Old age (Franz Will, 368 Pa., supra, 84 A.2d 292; Higbee Will, 365 Pa., supra, 75 A.2d 599; Ross Will,

[ 389 Pa. Page 634355]

Pa. 112, 49 A.2d 392), failure of memory (Conway Will, 366 Pa. 641, 79 A.2d 208; Ross Will, 355 Pa. 112, 49 A.2d 392; Olshefski's Estate, 337 Pa., supra, 11 A.2d 487), infirmities of advancing years (Wetzel v. Edwards, 340 Pa., supra, 16 A.2d 441), physical weakness (Dugacki Will, 356 Pa. 143, 51 A.2d 627; Lauer Will, 351 Pa. 438, 41 A.2d 552; Thomas Will, 349 Pa. 212, 36 A.2d 819; Schwartz's Estate, 340 Pa. 170, 16 A.2d 374), and mere delusions (Duncan's Will, 147 Pa. Superior Ct. 133, 23 A.2d 357) do not amount to testamentary incapacity.

Testamentary capacity is presumed.After proof of the execution of this will by two witnesses, the burden of proof as to testamentary incapacity rested upon the contestant (Sturgeon Will, 357 Pa., supra, 81, 82). This burden the jury has found was not sustained.

An examination of the entire record convinces us that this case was properly and fairly presented and that the result reached was eminently proper under the circumstances.

Appellant has not questioned the sufficiency of the evidence to sustain the finding of the jury that the decedent at the time she executed the will possessed testamentary capacity. While the contestant presented substantial evidence on the part of the attending physician and two nurses indicating that decedent did not have testamentary capacity, yet proponent's evidence was also substantial. Two subscribing witnesses - one entirely disinterested and the other having an interest opposed to the will's validity - and a priest testified that they were present at the time decedent executed the will and that she then possessed testamentary capacity; other witnesses who saw and talked with decedent within a comparatively short time prior to and subsequent to the date of execution of the will stated that in their opinion decedent had testamentary capacity;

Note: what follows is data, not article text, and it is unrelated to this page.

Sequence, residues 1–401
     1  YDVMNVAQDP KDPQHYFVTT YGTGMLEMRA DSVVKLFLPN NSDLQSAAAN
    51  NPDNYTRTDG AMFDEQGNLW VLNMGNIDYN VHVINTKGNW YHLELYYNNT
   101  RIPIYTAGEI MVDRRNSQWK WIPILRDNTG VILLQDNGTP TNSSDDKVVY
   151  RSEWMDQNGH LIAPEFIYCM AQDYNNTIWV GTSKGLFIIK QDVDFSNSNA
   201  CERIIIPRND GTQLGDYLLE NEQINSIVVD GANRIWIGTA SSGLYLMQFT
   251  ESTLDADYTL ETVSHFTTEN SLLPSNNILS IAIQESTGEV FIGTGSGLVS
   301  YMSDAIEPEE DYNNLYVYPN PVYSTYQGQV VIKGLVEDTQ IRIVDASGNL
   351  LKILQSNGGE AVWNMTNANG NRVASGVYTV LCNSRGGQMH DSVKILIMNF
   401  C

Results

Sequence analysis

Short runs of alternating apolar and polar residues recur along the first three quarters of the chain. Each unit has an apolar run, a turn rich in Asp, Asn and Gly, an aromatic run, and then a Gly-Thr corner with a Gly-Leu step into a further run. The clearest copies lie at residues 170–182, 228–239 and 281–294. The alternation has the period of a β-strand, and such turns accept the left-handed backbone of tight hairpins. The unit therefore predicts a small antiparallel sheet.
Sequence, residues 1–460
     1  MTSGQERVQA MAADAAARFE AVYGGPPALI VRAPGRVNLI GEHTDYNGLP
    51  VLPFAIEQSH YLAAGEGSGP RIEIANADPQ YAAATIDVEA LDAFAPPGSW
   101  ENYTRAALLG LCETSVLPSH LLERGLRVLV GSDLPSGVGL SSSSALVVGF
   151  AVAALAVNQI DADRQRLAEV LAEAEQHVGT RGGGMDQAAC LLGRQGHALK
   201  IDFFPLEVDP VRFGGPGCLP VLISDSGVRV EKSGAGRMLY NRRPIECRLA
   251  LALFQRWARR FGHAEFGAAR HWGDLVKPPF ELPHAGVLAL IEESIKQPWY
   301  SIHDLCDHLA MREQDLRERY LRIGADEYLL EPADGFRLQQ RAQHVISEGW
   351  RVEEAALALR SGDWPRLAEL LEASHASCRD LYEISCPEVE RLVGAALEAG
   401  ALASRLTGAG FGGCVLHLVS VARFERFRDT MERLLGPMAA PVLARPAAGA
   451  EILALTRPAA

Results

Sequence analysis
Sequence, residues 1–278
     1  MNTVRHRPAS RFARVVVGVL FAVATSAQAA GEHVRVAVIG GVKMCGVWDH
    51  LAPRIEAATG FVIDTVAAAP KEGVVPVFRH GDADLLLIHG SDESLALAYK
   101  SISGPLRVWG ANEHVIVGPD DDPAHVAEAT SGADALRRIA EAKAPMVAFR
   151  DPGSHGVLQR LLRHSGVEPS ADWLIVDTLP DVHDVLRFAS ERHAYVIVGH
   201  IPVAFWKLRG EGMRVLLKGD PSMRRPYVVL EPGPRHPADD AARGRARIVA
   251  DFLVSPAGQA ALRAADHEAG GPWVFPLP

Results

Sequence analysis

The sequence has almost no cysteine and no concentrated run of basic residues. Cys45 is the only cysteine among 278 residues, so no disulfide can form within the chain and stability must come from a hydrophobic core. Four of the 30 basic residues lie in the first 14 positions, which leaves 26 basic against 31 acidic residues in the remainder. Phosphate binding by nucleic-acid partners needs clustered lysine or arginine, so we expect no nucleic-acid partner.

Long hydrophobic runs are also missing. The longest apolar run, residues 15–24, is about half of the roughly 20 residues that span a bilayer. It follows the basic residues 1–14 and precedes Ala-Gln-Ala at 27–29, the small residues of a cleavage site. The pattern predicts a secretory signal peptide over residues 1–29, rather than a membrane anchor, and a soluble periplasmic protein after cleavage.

[ 389 Pa. Page 635]

    after the date of execution of the will decedent was able to attend her husband's wake at the funeral home, although she did not attend the funeral service; the will was kept after its execution by a person whose interests would be normally adverse to the provisions of the will, etc. The evidence on both sides was of such a nature that a finding of the jury either of testamentary capacity or lack of testamentary capacity could have been sustained. The dispute of fact on the subject of testamentary capacity was so substantial in nature that it was necessary for a jury to pass upon the evidence. Our province is not to decide whether we would have reached the same result as did the jury but rather to determine whether, on due consideration of all the evidence, the jury, whose verdict satisfied the legal conscience of the Chancellor, could reasonably have reached the conclusion which it did. The determination of the question of testamentary capacity was clearly within the province of the jury and its finding was based upon sufficient and adequate evidence.


Decree affirmed. Costs are placed on the appellant.